As per James’ report it’s our intent to provide advisory information over the coming summer to anglers, communicated via web, social media and signage at place. This information will detail what we are seeing at the Lake and advising anglers as to what the appropriate response is, and then if necessary, we may look at introducing a regulation change if we feel angling behaviour warrants it.
We will be working closely with TFAC as we go on, so hopefully the information flows from there out to anglers, but by all means reach out if you have any questions.
Two other quick issues up at Lake O, access to the north arm has been closed to vehicles, but boat and pedestrian access remains. In response, the department is currently developing a new campsite next to Te Whaiau canal, complete with toilet, while other facilities are planned for the medium term. We are currently sorting out occupation licences with Genesis before work can commence, but it’s looking very positive for a camp to be ready for the Christmas peak.
Wilding Pines are one pest tree. Wilding pines include Douglas Fir, Contota, Pinus Radiata. Willows are another.
- May budget of 2020 committed $100million over 4 years to control wilding pines and conifers. The countries weed trees.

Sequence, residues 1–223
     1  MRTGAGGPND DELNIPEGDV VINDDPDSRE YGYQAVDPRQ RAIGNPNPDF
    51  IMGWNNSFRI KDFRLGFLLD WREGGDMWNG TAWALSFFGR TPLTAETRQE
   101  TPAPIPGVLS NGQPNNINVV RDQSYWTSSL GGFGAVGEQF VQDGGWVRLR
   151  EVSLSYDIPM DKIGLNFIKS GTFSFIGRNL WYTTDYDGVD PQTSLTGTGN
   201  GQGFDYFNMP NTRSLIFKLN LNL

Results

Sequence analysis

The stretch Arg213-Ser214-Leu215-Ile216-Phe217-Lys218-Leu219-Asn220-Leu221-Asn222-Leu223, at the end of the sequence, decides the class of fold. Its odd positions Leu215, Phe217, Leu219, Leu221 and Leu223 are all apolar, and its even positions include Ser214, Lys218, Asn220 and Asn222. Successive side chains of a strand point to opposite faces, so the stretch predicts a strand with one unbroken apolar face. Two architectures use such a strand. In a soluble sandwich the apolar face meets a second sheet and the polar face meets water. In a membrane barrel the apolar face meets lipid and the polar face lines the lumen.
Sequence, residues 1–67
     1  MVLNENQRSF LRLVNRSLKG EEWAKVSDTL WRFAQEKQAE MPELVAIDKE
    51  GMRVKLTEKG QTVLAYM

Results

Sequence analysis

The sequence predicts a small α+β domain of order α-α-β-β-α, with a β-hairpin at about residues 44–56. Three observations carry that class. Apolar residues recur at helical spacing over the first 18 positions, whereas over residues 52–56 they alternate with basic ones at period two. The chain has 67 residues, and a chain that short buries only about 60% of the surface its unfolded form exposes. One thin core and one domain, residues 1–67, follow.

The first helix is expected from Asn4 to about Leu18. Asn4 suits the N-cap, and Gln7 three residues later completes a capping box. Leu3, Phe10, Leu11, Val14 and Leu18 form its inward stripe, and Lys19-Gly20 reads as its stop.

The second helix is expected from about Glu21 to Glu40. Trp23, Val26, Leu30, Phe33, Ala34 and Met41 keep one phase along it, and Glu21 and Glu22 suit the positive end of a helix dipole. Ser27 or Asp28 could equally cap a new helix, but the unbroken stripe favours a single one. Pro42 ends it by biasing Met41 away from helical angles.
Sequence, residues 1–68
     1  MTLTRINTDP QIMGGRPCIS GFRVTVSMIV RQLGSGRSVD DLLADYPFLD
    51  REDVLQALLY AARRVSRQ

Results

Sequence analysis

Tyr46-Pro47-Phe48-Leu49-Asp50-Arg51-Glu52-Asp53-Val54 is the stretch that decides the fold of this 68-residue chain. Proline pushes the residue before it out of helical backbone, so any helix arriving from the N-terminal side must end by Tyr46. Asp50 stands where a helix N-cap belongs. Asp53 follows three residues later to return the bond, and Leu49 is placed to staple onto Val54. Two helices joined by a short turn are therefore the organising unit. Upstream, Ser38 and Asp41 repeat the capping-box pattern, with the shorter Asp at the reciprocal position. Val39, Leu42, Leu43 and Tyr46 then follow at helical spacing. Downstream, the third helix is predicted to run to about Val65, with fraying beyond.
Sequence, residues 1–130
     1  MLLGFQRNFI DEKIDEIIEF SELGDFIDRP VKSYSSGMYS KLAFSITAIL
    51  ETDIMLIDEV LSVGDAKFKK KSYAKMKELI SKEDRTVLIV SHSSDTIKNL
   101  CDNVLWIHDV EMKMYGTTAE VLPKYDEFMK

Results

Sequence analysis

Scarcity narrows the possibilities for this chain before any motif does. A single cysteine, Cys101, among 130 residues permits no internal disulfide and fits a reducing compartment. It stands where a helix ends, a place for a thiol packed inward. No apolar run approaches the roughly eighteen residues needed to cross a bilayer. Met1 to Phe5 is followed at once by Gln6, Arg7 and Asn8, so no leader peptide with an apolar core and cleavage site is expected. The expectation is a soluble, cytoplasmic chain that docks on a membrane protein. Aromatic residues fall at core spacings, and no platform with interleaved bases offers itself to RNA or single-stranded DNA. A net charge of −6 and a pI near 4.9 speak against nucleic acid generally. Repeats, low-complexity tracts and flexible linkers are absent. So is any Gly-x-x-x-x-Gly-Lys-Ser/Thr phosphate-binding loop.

- It confirms that wilding conifers are NZ,s N0 1 weed priority.
- Losing 90,000 hectares a year to wilding conifers and thats compounding.
- The key is to get rid of the seed source.
- Wilding Pines can change our landscape”. Evelyn Forrest Envioronment Manager Ngati Tahu-NgatiWhaoaRunanga Trust.
NB the figures here are estimates over 50 yearas.
Toxic Algal Bloom warning issued for parts of Lake Taupo
Over night there has been a public health warning released by Toi te Ora- Public Health, advising recreational users to avoid certain areas presently along the eastern side of Lake Taupo. This is due to a toxic algal bloom that has presented in areas. The areas highlighted extend from Hatepe through to Motuoapa. However our guys were on the lake yesterday and have also noted a similar bloom at the Tongariro Delta.
The main advice is for recreational users to avoid coming into contact with the water where the algal blooms are presenting.
Further advice to for anglers taking trout as per information on the Toi to Ora website is –
‘Where there is an algal bloom in a lake, it seems unlikely that there is any risk from eating the flesh of trout but it’s very important to remove the gut and liver and wash in clean water first. Do not take or consume trout that are found already dead. Shellfish and kōura (freshwater crayfish) should not be eaten as would likely present a risk to health’
The following links provide the pertinent information-